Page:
David Fickling is a Bloomberg Gadfly columnist covering commodities, as well as industrial and consumer companies. He has been a reporter for Bloomberg News, Dow Jones, the Wall Street Journal, the Financial Times and the Guardian.

(Corrected )

The factory where the world's highest-quality cars are made isn't full of white-gloved Japanese workers and doesn't have a billionaire watching each vehicle come off the production line.

In fact, it was Kia Motors that came top in this year's J.D. Power initial quality study, an annual U.S. ranking that tallies the number of problems reported in the first 90 days after purchase.

That suggests there's more to the Korean automaker than quirky sedans and, um, hip-hop hamsters:

It's the first time in 10 years that J.D. Power's top spot hasn't been taken by either Porsche or Lexus -- an embarrassing state of affairs for premium brands that charge a lot more than the $14,000-odd Americans pay for the cheapest Kia models.

Kia has seen the most rapid quality improvement of any major carmaker in recent years
Source: J.D. Power
Note: Shows problems reported within first 90 days of ownership.

Making great cars is all very well, but Kia's investors are entitled to ask what they get in return. Korean carmarkers' share of global auto sales has stood still for years and volumes in the U.S. are going sideways, in part due to the absence of a blockbusting SUV design to match the most successful domestic and Japanese marques.

Not Changing Lanes
Kia has failed to repeat the explosive sales growth it enjoyed in the years up to 2012
Source: Bloomberg

Coming up with a winning new model is hard work, akin to divining next summer's cinema hit or number one record. But there are more certain things Kia can do in the meantime. As Gadfly argued in April, further improving its warranty terms, already the best among major automakers, would help underline the lead that's been staked out in quality.

Even before Vice Chairman and CEO Hyoung-Keun Lee runs the numbers on that, he needs to start sending more checks to Madison Avenue. Kia spent just 2.5 percent of its 2015 revenue on advertising, and its chaebol stablemate Hyundai paid out 2.3 percent, according to a Gadfly analysis of the companies' annual reports -- below all three of Detroit's major carmakers.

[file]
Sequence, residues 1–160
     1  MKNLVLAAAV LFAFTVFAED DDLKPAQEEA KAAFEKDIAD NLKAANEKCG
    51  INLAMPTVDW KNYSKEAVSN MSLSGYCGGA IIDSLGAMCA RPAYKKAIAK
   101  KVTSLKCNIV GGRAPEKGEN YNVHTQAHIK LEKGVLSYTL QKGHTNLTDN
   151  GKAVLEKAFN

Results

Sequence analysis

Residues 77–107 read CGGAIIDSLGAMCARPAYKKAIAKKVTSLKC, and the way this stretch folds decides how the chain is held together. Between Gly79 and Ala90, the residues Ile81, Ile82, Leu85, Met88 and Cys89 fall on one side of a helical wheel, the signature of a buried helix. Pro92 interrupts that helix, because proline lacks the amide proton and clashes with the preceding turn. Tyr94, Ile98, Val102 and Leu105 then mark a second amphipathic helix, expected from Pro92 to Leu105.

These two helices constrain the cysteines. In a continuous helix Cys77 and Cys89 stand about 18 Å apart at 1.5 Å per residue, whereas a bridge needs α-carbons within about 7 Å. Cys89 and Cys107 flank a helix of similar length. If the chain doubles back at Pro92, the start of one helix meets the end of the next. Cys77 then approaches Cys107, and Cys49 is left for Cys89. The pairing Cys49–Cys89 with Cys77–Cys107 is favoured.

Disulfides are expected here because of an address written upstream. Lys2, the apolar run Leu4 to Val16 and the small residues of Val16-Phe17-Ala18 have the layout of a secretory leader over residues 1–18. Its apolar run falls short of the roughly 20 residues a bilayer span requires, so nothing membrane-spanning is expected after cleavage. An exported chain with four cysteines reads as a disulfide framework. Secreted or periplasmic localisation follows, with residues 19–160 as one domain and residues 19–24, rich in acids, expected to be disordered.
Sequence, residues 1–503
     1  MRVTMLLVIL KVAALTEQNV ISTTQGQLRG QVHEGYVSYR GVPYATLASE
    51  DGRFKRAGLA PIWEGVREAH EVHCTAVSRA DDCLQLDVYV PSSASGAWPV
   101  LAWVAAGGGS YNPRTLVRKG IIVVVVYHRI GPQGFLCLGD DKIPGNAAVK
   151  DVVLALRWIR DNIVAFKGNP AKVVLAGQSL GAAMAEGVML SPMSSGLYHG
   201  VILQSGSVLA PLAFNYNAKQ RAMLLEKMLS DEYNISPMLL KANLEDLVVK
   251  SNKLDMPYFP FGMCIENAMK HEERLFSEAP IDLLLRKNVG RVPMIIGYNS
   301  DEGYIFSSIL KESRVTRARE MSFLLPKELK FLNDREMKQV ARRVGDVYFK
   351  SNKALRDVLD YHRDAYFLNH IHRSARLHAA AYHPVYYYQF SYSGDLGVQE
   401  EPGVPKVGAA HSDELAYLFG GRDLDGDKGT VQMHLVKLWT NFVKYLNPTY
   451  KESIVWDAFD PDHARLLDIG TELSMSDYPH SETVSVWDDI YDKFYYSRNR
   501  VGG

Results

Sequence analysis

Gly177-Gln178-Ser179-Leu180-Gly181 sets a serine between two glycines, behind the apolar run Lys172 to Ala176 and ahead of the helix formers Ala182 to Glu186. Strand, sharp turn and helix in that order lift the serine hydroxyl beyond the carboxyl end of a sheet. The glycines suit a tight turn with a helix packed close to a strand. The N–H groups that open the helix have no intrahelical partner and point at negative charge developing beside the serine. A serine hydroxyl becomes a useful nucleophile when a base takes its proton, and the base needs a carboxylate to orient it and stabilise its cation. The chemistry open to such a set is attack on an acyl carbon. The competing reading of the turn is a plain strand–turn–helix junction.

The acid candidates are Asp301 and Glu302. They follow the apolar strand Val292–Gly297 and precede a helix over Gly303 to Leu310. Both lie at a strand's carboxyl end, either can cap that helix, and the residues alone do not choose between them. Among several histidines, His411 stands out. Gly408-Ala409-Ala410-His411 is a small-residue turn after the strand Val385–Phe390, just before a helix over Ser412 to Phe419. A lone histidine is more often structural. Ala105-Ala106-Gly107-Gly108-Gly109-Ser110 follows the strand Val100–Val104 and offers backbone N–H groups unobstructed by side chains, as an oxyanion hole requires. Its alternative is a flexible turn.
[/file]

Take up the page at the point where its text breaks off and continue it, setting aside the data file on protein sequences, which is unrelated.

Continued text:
Spend Money to Make Money
Advertising as percentage of automotive sales
Source: Company reports, Bloomberg calculations

The chaebol is moving in the right direction, poaching sponsorship rights to the National Football League from General Motors last year and blitzing the 2016 Super Bowl with no fewer than five separate commercials. Kia's marketing budget could still do with a few more hamsters on the wheel: Raising its advertising-to-sales ratio to the level of Fiat Chrysler, the median of Detroit's big three, would result in a 29 percent increase in spending.

Lee and his predecessors have gone to great lengths to turn Kia into an automaker that's not just reliable, but sexy -- hiring Audi's former chief designer Peter Schreyer from Volkswagen in 2006 and giving him the sort of in-house guru role Jony Ive enjoys at Apple. 

Halo Effect
Interbrand's 2015 valuation of major automobile brands puts Kia well behind the major players
Source: Interbrand

That's yet to produce the sort of tangible benefits you'd hope for -- consultants Interbrand reckon the Kia brand is worth just $5.7 billion, not much more than subsidiary marques such as Mini, Land Rover and Chevrolet, and well below the big league.

Today, Lee can give himself a pat on the back for beating the likes of Porsche and Lexus at their own game. Tomorrow, he needs to get back to work and remember: The core business of an automaker isn't making great cars -- it's selling them.

This column does not necessarily reflect the opinion of Bloomberg LP and its owners.

(Corrects erroneous reference to Kia in eighth paragraph.)

To contact the author of this story:
David Fickling in Sydney at

To contact the editor responsible for this story:
Katrina Nicholas at